The successive American administrations had hard time to convict these prisoners. There is a flagrant lack of evidence at the first place and a documented use of torture. Also, some people keep repeating “Omar Khadr killed a paramedic”. The sergeant was not acting as a medic when he was at the battlefild. He was tragically killed in the battle and there is no evidence that Omar Khadr killed him.

MBP: You were instrumental in bringing your husbands case forward to the Canadian government, and to us Canadians. I remember following his situation and eventual resolution for some time. Some Conservatives commentators have raised your husband’s payout when speaking on the Khadr settlement as legitimate because your husband was found innocent of any wrong doing, and are arguing that Khadr’s settlement isn’t legitimate because of a conviction by a US military tribunal. The Canadian Civil Liberties Association has come out publicly supporting the Khadr settlement stating that “It’s a legal truism that a right without a remedy is no right at all”. I was just wondering if you would be willing to respond to the way the some are using the settlement your husband has received to delegitimize Khadr’s?

Mazigh: Unfortunately, once again, it is a political partisanship war. My husband, Maher Arar, was compensated under Stephen Harper government and the public announcement about the apology and compensation at that time was also demonized by some groups and individuals. My husband was called “ a terrorist” even after the settlement and up to today some people are resentful to his settlement. When, my husband was in a Syrian dungeon some conservative MPs, rose in the House of Commons and denounced the security laxness of Canada and praised the seriousness of the US administration after arresting a “terrorist”, my husband. People tend to forget and turn a blind eye on the stigma ones go through even after the settlement. People look at the dollar figure and forget that it is impossible to find a job when you were once labelled a terrorist, despite your numerous degrees and skills. Money won’t bring back your life, your name or your reputation.

Today, the individuals and groups attacking Omar Khadr, don’t think about his future, his career, his family, his children. It is the least of their worries. They are so angry that he received money, period. And by the way, that 10.5 millions settlement isn’t even exclusively for Omar Khadr. His lawyers are sharing it with him.

MBP: There was a recent poll done by Angus Reid, in which 71% of Canadians surveyed believed that the Trudeau Government did the wrong thing by paying Khadr money and that the courts should have decided whether his detention was illegal. Missing from this poll was anything regarding the actual reason why Khadr was paid out, and that’s the fact that the Supreme Court of Canada ruled 3 times that Khadr’s rights were violated. If you were part of a polling agency, what question would you ask to Canadians regarding the Khadr settlement?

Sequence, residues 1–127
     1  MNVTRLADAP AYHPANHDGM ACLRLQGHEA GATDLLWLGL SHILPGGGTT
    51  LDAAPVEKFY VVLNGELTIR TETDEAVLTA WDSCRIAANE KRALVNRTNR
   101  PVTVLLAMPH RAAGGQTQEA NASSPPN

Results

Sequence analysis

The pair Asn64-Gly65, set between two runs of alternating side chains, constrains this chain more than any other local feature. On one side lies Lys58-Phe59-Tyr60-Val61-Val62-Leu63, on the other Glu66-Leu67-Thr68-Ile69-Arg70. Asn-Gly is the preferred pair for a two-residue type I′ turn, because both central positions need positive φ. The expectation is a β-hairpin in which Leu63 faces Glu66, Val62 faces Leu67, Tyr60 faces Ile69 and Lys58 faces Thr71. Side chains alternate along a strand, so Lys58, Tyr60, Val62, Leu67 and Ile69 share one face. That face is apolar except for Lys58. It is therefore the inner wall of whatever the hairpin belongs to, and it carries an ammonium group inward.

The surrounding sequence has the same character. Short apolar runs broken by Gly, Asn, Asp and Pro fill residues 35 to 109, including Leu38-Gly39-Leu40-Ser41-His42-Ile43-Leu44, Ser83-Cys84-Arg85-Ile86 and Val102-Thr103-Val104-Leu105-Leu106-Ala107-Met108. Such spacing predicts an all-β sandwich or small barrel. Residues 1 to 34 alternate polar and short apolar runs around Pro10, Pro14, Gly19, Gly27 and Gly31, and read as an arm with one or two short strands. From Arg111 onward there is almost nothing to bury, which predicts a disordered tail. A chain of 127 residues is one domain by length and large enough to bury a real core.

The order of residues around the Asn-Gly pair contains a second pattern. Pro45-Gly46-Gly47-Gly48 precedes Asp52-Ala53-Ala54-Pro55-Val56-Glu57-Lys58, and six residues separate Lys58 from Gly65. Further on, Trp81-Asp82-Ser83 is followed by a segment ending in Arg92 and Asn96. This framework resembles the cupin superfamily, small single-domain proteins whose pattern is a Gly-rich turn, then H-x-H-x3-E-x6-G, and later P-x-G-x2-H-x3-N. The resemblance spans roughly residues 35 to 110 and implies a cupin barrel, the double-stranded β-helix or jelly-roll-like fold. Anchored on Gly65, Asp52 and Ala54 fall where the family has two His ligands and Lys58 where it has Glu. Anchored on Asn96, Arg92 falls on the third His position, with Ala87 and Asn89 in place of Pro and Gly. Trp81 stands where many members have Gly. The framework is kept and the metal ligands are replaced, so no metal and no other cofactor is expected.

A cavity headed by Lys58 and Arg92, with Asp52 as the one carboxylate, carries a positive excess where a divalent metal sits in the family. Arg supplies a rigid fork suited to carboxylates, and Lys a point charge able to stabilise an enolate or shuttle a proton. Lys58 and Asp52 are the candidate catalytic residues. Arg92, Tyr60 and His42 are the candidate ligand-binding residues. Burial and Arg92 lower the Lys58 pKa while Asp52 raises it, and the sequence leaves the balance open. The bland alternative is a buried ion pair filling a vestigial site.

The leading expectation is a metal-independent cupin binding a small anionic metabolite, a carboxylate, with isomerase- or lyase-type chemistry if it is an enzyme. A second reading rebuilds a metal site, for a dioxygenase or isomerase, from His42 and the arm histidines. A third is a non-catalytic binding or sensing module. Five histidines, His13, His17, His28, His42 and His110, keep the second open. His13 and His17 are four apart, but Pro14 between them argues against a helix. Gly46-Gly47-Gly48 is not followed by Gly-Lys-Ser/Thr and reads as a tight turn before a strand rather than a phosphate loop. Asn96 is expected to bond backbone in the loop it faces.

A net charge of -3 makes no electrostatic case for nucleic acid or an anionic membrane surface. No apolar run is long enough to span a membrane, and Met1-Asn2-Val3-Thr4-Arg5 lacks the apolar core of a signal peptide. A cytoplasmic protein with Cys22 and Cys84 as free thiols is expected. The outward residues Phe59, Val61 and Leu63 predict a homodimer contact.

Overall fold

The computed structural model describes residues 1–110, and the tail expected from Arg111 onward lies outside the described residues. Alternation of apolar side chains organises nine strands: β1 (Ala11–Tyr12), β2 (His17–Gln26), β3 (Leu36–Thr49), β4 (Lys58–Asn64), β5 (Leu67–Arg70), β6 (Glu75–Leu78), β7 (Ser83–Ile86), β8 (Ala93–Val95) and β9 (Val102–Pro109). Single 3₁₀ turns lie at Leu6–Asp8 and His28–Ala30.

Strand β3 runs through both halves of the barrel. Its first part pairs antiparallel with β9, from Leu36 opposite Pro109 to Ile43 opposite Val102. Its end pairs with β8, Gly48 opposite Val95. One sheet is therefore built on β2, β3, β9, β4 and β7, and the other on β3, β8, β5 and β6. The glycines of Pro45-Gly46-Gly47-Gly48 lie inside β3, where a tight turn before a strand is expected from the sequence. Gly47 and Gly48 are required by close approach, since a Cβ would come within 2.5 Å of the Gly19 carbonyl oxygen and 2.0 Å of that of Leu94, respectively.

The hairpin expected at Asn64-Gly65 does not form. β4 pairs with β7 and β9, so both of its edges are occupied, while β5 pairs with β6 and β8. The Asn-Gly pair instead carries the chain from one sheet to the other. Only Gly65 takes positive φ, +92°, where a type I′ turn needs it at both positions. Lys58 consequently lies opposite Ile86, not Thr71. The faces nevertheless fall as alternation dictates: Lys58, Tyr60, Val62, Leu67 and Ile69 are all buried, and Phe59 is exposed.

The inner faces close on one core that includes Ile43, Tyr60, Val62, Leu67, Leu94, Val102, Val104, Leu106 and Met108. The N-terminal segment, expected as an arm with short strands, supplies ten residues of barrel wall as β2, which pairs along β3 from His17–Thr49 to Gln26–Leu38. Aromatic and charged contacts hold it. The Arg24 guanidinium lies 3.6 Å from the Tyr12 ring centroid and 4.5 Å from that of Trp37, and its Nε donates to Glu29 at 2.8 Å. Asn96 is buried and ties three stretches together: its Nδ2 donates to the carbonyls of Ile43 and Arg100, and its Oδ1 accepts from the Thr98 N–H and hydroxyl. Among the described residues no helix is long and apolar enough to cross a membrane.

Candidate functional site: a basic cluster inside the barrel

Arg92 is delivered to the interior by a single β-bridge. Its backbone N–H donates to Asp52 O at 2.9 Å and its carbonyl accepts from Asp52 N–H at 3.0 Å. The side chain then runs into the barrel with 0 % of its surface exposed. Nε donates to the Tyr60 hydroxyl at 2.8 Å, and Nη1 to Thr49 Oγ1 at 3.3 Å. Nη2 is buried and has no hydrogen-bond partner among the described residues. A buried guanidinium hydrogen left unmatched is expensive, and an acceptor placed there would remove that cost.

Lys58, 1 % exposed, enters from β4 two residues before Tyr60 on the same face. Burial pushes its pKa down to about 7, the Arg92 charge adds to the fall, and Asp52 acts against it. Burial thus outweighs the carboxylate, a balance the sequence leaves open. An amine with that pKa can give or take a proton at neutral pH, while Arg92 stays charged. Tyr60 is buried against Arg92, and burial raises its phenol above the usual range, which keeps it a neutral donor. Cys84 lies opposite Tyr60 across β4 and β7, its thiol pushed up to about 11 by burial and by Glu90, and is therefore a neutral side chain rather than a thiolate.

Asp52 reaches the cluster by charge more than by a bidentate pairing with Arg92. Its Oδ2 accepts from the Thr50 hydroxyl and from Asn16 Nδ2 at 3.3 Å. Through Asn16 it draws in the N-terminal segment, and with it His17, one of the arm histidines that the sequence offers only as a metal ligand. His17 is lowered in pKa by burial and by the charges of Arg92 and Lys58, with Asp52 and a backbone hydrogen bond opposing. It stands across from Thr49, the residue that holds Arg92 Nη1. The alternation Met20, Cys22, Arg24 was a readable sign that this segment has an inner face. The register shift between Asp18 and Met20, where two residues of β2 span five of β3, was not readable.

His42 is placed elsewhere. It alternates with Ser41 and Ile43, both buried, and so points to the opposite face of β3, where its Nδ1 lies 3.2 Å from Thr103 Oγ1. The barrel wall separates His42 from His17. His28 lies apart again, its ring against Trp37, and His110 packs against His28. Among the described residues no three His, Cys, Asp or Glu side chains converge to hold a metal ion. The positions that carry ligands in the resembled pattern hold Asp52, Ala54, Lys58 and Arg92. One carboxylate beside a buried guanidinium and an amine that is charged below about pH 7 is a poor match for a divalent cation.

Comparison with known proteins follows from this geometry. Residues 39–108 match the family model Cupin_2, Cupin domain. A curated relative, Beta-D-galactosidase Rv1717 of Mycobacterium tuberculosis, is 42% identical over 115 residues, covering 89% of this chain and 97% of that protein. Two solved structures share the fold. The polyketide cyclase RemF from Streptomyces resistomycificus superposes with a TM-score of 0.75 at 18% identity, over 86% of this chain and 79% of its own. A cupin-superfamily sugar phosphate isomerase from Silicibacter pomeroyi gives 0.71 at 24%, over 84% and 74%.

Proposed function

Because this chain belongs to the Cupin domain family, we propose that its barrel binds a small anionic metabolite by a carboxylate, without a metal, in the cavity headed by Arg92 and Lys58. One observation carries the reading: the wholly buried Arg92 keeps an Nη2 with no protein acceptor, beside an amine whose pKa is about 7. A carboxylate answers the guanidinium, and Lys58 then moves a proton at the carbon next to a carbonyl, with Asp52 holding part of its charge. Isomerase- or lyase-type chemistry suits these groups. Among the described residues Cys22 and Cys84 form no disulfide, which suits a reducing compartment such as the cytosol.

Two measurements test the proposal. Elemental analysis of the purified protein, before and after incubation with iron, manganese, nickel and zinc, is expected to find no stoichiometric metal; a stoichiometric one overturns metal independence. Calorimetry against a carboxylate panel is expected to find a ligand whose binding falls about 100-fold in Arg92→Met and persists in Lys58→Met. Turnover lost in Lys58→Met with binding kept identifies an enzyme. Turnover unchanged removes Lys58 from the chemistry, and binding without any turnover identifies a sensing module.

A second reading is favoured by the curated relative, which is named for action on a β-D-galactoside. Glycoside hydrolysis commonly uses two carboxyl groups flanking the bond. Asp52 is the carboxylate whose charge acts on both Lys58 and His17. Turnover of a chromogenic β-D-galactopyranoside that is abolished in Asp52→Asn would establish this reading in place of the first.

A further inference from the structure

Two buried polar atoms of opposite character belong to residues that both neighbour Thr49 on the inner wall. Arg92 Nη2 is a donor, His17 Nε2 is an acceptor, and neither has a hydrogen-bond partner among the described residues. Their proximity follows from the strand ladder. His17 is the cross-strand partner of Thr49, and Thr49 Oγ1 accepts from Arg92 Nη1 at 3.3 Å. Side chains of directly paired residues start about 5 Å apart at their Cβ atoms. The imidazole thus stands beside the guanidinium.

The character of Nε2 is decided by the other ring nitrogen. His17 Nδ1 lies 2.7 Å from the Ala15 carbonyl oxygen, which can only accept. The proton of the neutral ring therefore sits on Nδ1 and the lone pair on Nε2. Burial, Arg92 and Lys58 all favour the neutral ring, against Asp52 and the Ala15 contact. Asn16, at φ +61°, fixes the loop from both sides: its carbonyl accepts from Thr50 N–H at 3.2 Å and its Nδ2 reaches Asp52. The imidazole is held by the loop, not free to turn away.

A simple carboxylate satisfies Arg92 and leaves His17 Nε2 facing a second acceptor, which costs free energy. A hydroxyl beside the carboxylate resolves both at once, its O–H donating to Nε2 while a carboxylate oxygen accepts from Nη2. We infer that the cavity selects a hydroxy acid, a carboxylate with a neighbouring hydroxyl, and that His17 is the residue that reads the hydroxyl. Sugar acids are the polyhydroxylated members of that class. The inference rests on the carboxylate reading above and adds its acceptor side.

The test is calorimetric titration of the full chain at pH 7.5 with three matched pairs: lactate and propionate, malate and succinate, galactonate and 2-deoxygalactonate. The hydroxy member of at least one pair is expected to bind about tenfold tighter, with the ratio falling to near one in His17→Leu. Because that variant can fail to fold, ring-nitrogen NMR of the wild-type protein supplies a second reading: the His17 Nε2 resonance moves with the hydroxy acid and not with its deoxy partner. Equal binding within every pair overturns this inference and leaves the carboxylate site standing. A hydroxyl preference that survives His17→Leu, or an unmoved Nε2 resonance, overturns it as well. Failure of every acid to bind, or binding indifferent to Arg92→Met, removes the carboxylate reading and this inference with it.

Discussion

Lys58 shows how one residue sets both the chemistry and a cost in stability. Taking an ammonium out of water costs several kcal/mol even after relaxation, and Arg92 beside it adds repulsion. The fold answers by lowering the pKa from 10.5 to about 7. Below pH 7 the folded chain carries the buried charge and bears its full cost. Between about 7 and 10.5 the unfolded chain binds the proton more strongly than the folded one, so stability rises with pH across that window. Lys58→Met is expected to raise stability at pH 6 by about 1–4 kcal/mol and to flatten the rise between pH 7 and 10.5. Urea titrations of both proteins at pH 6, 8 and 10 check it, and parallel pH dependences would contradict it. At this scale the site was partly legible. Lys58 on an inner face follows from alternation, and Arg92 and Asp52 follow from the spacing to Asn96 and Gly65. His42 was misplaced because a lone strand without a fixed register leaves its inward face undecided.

Mazigh: The polls are dangerous for our democracy. I am not saying they shouldn’t exist but we can’t govern according to them. The rule of law isn’t a popularity contest. Actually, it can be the total opposite. Courageous governments around the world were always attacked and criticized for controversial decisions. Take issues like: abortion, same-sex marriage…The Supreme Court ruled on these issues and the government had no choice than to accept these decisions. In the case of Omar Khadr, it is the same situation. The Supreme Court ruled three times in his favour and today the Canadian government had no choice than to accept and reach a settlement. This decision will never make everyone happy and comfortable but this is why we live in a democracy. We constantly disagree but the Supreme Court is our ultimate test. Take the example of “banning the Niqab at the citizenship ceremony” in 2015. This political wedge issue was used by politicians to win votes. It literally divided voters across the political spectrum but the court ruled that Ms. Zunera Ishaq, the lady at the centre of the controversy, was allowed to keep her Niqab. Many Canadians disagreed and felt uncomfortable but today it is the past.

MBP: Do you think as a result of the polarized political environment in Canada that our constitutional rights as citizens could be at further risk of being infringed upon in the future? If so, could you explain what can be done to get accurate information regarding our constitutional rights out to Canadians at large, and what you would like to see politicians do to ensure that government respects the rights of all Canadians through successive governments?